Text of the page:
In addition to these new services, team iBraryGuy is also changing up its site and twitter feed. Hopefully you are following us! Starting next Monday, we will be updating the main site twice weekly. We will kick off the week with our new “App of the Week” review, discussing the good, the bad and the downright ugly when it comes to emerging online and mobile research technologies. Thursdays will feature the “Weekly Soapbox”, where we discuss the big issues in the industry and reach out to your for your own thoughts. It should be educational and fun!

New Collaborations & Partnerships

Everything that we offer here through the iBraryGuy site is free. There is no charge for our newsletters or any of our feeds. We just ask that you tell your friends and colleagues about the work we are doing. In addition, John and Stosh are both available to speak to your organizations or write for your own online and printed publications. We are happy to negotiate financial support for engagements that require travel or large amounts of time. You can look at our Speaking Schedule here on the site to see our up-coming appearances or check out our Selected Publications page to access some of what we have written.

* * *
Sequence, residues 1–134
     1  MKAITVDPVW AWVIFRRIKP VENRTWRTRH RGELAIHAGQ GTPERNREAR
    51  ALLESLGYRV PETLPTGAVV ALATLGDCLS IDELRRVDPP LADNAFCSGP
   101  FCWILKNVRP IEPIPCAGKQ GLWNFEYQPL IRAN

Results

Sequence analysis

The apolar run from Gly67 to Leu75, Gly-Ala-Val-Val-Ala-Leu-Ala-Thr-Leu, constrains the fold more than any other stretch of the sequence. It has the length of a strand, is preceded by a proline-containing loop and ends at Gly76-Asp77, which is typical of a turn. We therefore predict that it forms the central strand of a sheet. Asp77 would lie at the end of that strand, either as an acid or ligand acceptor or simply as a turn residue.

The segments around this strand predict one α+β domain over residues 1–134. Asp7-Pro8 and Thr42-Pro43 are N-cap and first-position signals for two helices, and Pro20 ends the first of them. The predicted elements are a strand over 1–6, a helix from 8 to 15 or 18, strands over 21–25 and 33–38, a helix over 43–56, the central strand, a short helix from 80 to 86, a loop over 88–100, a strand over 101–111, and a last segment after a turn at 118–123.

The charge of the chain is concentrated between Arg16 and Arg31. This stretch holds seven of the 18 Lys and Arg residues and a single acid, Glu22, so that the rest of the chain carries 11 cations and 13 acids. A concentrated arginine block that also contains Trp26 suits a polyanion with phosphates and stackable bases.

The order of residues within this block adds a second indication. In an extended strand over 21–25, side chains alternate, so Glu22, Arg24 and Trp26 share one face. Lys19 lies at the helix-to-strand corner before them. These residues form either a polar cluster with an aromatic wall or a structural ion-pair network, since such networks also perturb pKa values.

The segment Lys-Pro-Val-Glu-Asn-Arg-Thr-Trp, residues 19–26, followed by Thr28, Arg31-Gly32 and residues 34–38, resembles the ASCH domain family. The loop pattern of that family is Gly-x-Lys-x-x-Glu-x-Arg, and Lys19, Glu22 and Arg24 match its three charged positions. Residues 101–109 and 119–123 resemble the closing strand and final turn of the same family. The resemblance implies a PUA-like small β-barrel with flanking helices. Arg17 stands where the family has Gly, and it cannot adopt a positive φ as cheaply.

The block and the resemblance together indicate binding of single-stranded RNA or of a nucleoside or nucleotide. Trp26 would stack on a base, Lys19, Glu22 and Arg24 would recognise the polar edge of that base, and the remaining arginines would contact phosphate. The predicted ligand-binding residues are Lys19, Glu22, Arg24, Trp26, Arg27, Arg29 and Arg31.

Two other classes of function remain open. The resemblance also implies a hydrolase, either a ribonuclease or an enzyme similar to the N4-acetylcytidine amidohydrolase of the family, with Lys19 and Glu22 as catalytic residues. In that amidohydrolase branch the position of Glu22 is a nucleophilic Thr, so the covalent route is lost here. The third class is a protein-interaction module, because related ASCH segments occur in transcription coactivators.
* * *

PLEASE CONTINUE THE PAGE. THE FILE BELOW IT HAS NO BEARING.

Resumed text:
We are always looking for new partnerships, collaborations, and support. Contact us directlywith any ideas you may have or to sponsor this site and help us keep it free for librarians and information professionals everywhere!

iBraryGuy & FreePint Collaborate on New Report!

iBraryGuy is proud to have served as guest editor and curator of FreePint’s latest report, “Enterprise Collaboration”.  The folio consists of a series of four insightful articles from the company’s vast archives.  Featuring stand-out works from industry luminaries such as Stuart Barr, Andrew Rieder, Connie Crosby, Joanna Ptolomey and Lauren Currie, as well as editorial remarks and additional resources from iBraryGuy editor, John DiGilio, the report is available for purchase from FreePint.com.  Based in the U.K., FreePint publishes practical articles and reports about information practice, content and strategy.  If you have not seen their product line, it is definitely worth a look.

Here is an excerpt from DiGilio’s  introduction to the July report: